Figure 7. (A) Experimental design of the attenuated UV radiation treatments in the field. The control indicates that grape bunch is naturally exposed to sunlight. UV1 represents that UV radiation reaching grape bunch surface is artificially attenuated from fruit-set (3waf) to harvest (17waf); UV2 from fruit-set to the onset of veraison (8 waf in the 2010 vintage and 9 waf in 2009); UV3 from the onset of veraison to harvest; (B) Field photography of the attenuated UV radiation via polyester film; (C) Monthly total solar radiation and UV radiation in the experimental region during June to September in the two vintages; (D) Spectral information of polyester film A and film B. The data shown within two plots are the transmittance of solar light with wavelengths of less than 380 nm and 300 nm, respectively.
Molecules 20 16946 g007

3.3. Extraction of Volatile Compounds

Sample preparation included grinding and cold stabilization according to our previous report [45]. Seeds were removed from berries. The remaining parts (100 g) were ground into powder by using a 20,000 rpm grinder under an addition of 1 g polyvinylpolypyrrolidone (PVPP) and the protection of liquid nitrogen. After being macerated for 120 min at 4 °C, the juice was centrifuged at 6000× g for 10 min. The clear juice (5 mL) was transferred to a 15 mL vial and blended with 1 g of NaCl and 10 μL of internal standard 4-methyl-2-pentanol (4M2P, 1.0018 g/L). The vial was tightly capped with a PTFE-silicon septum containing a magnetic stirrer. Afterwards, the vial containing the sample was equilibrated at 40 °C for 30 min with stirring (300 rpm). A SPME fibre coated with 50/30 μm divinylbenzene/carboxen/polydimethylsiloxane (DVB/CAR/PDMS; Supelco, Bellefonte, PA, USA) was then inserted into the headspace and conducted the extraction for 30 min with continuous agitation and heating. The fibre was subsequently desorbed in the GC injector for 8 min at 250 °C. For each biological replicate sample, two technological replicates were carried out.

3.4. GC-MS Analysis

GC-MS was used to analyze volatile compounds according to our previous method [45]. The GC-MS system was an Agilent 6890 GC equipped with a HP-INNOWAX capillary column (60 m × 0.25 mm × 0.25 μm; J & W Scientific, San Francisco, CA, USA), coupled with an Agilent 5975 mass spectrometry (Agilent Technologies, Inc., Santa Clara, CA, USA). The helium carrier gas was at a flow rate of 1 mL/min. The column temperature program was as follows: holding 50 °C for 1 min, increasing at 3.0 °C/min to 220 °C and holding 220 °C for 5 min. The temperature of interface of GC and MS was set at 280 °C. The ion source temperature was 230 °C. The electron impact (EI) at 70 eV was scanned in the range of m/z 30–350.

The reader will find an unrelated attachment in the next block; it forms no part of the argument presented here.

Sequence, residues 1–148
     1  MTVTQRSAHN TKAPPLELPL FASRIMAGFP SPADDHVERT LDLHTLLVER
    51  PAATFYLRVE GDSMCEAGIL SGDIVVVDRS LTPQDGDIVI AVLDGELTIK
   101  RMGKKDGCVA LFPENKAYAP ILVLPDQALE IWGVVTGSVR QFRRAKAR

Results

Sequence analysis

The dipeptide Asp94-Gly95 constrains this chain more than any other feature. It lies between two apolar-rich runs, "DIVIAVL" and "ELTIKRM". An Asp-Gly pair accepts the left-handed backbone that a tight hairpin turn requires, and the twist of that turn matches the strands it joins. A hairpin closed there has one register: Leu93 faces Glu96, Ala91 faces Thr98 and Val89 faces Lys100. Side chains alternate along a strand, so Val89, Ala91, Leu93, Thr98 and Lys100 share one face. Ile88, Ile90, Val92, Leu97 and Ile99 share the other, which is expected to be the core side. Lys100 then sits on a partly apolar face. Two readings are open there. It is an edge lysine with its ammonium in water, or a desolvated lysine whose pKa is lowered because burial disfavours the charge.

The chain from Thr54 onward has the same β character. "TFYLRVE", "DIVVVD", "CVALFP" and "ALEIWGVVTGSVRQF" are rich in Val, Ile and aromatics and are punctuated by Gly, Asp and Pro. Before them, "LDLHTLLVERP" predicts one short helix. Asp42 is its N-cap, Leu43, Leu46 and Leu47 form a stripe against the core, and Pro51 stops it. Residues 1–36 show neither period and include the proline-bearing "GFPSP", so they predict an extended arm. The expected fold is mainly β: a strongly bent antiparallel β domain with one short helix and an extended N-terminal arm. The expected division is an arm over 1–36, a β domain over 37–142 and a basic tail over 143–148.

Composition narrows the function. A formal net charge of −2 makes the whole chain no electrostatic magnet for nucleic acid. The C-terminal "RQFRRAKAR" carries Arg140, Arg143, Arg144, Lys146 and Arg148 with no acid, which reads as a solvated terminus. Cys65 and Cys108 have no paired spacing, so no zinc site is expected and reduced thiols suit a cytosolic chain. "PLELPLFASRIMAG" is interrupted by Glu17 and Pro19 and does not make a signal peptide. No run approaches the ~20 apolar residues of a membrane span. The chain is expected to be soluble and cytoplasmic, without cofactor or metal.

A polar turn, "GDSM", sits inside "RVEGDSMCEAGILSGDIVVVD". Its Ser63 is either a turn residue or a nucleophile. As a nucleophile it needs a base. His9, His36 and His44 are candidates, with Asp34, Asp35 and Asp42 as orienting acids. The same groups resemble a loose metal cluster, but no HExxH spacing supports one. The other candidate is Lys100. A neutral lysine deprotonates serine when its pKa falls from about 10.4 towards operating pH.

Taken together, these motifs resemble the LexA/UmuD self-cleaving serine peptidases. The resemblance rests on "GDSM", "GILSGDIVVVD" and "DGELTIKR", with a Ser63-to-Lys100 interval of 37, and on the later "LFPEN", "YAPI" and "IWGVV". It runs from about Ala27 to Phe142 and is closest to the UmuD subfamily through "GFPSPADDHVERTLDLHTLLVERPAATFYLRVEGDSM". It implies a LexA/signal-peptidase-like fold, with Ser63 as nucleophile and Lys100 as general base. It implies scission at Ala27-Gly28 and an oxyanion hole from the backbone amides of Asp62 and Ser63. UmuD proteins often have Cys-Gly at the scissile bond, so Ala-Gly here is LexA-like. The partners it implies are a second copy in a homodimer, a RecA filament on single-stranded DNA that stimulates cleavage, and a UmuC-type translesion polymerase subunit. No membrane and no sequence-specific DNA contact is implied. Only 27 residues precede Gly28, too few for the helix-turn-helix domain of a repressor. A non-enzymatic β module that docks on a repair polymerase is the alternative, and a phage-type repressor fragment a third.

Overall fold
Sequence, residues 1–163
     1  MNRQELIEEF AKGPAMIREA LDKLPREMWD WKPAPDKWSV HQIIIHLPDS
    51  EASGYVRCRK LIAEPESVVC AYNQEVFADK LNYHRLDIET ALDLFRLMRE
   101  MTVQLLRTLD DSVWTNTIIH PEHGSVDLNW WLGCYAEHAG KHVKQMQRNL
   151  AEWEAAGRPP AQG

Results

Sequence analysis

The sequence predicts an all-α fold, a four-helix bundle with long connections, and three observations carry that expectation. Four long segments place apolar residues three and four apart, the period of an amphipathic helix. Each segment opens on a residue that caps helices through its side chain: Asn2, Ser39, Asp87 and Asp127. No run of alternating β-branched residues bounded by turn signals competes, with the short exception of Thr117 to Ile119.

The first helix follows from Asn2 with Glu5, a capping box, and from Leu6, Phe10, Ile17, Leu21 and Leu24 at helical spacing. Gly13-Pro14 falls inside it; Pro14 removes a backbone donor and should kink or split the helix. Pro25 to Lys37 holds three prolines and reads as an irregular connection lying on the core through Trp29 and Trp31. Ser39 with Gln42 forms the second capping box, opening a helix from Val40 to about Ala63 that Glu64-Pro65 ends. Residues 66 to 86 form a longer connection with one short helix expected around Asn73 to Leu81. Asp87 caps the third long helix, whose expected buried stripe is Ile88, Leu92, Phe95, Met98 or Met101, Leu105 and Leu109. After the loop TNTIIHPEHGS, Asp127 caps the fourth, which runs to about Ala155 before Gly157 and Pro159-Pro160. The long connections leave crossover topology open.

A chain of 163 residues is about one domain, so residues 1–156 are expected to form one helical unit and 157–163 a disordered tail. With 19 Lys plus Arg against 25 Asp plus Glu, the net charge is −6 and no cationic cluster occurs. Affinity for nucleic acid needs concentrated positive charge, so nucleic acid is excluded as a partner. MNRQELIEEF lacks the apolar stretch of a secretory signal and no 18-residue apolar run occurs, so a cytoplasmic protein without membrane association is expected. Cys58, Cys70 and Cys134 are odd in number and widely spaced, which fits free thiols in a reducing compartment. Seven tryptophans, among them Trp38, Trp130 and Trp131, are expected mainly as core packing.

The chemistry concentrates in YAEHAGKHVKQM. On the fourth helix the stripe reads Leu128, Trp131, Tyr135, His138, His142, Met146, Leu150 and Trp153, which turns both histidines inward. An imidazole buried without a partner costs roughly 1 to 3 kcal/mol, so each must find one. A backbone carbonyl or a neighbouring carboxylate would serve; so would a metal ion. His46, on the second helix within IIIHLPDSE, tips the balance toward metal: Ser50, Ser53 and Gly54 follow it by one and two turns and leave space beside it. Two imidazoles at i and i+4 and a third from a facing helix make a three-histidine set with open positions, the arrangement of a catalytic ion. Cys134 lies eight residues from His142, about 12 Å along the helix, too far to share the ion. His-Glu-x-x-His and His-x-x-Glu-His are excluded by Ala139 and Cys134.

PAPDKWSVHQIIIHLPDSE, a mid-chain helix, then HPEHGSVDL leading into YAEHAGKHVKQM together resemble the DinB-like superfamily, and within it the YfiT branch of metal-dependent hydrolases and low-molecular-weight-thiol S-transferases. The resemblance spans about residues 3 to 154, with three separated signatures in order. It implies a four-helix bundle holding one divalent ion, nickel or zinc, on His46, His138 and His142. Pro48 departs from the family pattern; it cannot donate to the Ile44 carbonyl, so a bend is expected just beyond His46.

3.5. Qualitative and Quantitative Analysis

Retention indices were calculated after analyzing C6-C24 n-alkane series (Supelco, Bellefonte, PA, USA) under the same chromatographic conditions. Identifications were based on mass spectra matching in the standard NIST11 library and retention indices of reference standards in authors’ laboratories. For compound quantitation, a synthetic matrix was prepared in distilled water containing 200 g/L glucose and 7 g/L tartaric acid, and the pH was adjusted to 3.3 using 5 M NaOH solution. Standards were dissolved with ethanol (HPLC quality) and diluted into ten levels in succession with the synthetic matrix. Volatile compounds of each level were extracted and analyzed using the same method as the grape samples. The peak areas calculated by ChemStation software (Agilent Technologies, Inc.) on selective ion mode (SIM) were used for quantification. The calibration curve of each compound was established by the ratio of area ratio against concentration. And concentrations of volatile compounds were calculated through their calibration curves. For the compounds that lacked chemical standards, their concentration were integrated using the standards that possessed the same functional group and/or similar numbers of C atoms.

3.6. Statistical Analysis

A one-way analysis of variance (ANOVA) was used to measure differences in the concentrations of volatiles among the treated groups and the control, employing Duncan’s multiple range tests at a level of p < 0.05 using SPSS version 20.0 statistical package for windows (SPSS Inc., Chicago, IL, USA). PLS-DA, Partial Least Square Discriminant Analysis was performed by Web-based tool Metabo-Analyst 3.0 and auto-scaling (mean-centered and divided by the standard deviation of each variable) was used in normalization procedure [42]. Origin 8.0 (Origin Lab Inc., Northampton, MA, USA) was used to draft the graph. Each data point, expressed as milligram equivalent of the respective standard per liter of grape juice, was the average of three replications, n = 3.

Supplementary Materials

Supplementary materials can be accessed at: https://www.mdpi.com/1420-3049/20/09/16946/s1.

Acknowledgments

The authors want to thank the Sino-French Cooperation Demonstration Base of Viticulture & Winemaking for their kind help with experiment arrangement and grape sampling. Thanks also go to the National Natural Science Foundation of China (Grant No. 30971980) and the China Agriculture Research System for Grape Industry (CARS-30) for their funding support.

Author Contributions

Di Liu performed the analyses of data and drafted the manuscript. Yuan Gao and Xiao-Xi Li participated in the examination of volatile compounds and grape sampling. Zheng Li helped to revise the manuscript. Qiu-Hong Pan provided the suggestion for experiment scheme, editing and revising the manuscript. All authors contributed to the discussion of the results.

Conflicts of Interest

The authors declare no conflict of interest.

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  • Sample Availability: Not available.